[iDC] Where have all the women gone?
trebor at thing.net
Sat Jul 8 18:35:44 EDT 2006
Thanks for not playing it safe, Tiziana, (!) and much respect for your
insightful and provocative contributions so far!
"The digital divide with regard to basic access within advanced
economies is important as long as it persists, but seems to be a
transitional problem. Moreover, it is important to recall that the
democratizing effects of the Internet must be compared to democracy in
the context of mass media, not in the context of an idealized utopia.
Computer literacy and skills, while far from universal, are much more
widely distributed than the skills and instruments of mass-media
production." (Benkler, pp. 265-271)
I agree. In addition, the digital divide will not be overcome by
computer-mediated Internet access, never mind MIT's $100 laptop.
(Perhaps not every child needs a computer after all.) Cell phones and
PDAs are (and will be) the core networking-tool globally. Again, it's
not primarily the Internet that shakes up societies worldwide: it's cell
phones in tandem with other factors obviously. (It's not a utopian dream
that SMS helps to bring down authoritarian regimes.) There is a helpful
graph at the end of this blog post that shows the sharp contrast between
net and cell phone access worldwide.
Additional links that I provided lead to much concrete evidence of
specific social changes related to SMS. We can talk about these specific
stories. How were the technologies used? What worked? What did not
function? The foremost question, for me, is how to foster (political)
participation. What motivates people to partake? Why do contribute
content to the Internet?
In relation to the networked public sphere, a term that works for me,
the question of political participation is central to "unsettling
relations of domination." Such participation begs the question of what
entices people to participate at all. Participation is not the default.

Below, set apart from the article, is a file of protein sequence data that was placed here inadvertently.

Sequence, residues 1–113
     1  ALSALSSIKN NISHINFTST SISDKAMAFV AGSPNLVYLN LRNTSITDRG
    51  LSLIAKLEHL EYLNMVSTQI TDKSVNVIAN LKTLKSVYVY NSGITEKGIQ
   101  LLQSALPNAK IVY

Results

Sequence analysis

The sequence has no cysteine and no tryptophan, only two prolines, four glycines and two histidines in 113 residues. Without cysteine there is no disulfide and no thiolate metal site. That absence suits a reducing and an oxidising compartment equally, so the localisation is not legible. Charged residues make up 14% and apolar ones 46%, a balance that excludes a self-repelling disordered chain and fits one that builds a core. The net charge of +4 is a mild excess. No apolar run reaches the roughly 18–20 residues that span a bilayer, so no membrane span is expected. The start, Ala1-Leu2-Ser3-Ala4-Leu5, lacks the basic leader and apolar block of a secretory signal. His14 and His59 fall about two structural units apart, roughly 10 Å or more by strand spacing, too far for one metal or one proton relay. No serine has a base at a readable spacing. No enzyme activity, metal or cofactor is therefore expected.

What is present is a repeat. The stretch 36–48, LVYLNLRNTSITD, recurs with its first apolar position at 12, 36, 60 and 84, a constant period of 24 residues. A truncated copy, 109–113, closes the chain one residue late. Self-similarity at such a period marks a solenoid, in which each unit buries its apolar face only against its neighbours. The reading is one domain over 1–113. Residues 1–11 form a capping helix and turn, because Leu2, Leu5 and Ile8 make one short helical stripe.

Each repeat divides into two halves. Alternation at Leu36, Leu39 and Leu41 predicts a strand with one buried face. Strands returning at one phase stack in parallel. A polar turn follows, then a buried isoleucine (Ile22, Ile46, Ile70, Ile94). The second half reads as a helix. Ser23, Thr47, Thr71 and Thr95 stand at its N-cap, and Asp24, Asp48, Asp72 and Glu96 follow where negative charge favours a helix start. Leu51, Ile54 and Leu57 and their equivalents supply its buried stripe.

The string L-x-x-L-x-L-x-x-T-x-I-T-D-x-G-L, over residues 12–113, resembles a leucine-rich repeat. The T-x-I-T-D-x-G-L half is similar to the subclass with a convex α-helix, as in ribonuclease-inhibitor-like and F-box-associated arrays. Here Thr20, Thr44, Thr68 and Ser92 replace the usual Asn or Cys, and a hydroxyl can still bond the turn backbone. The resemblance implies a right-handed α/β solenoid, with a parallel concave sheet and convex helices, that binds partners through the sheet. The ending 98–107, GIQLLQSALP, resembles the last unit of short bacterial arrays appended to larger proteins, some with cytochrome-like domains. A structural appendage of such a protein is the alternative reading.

Interpassivity is much more common. Robert Putnam showed that
participation in civic life is on the steep decline (in North America).
At the same time, online, people become socialites, they go bowling
together all the time.
Africa has 14.1% of the world population but only 2.3% of its Internet
users. However, one in ten Africans has a cell phone.
"One manifestation of distributed coordination for political action is
something Howard Rheingold has called ³smart mobs²large collections of
individuals who are able to coordinate real-world action through widely
distributed information and communications technology. He tells of the
³People Power II² revolution in Manila in 2001, where demonstrations to
oust then president Estrada were coordinated spontaneously through
extensive text messaging."
(Benkler, pp. 265-271)
The number of Internet users has sharply shifted from the US to the rest
of the world. Of the 694 million unique visitors over the age of 14 who
used the Internet in March , the most were in seven countries: the
United States (152.1 million), China (74.7 million), Japan (52.1
million), Germany (31.8 million), Britain (30.2 million), South Korea
(24.7 million) and France (23.9 million). Many net access studies leave
out Internet access on public computers in Internet cafes, which is
actually the dominant means of access in Asia.
Now, Vietnam has 12 million Internet users out of its 85 million
population but it has a 300% growth rate of broadband subscribers. A
month ago, MTV started a Spanish language MySpace-type social networking
space, Latin America's Lazona.com. There is also another Spanish
language social-networking site out of Miami- Elhood.com).
"...in authoritarian countries, the introduction of Internet
communications makes it harder and more costly for governments to
control the public sphere. If these governments are willing to forgo the
benefits of Internet connectivity, they can avoid this problem. If they
are not, they find themselves with less control over the public sphere.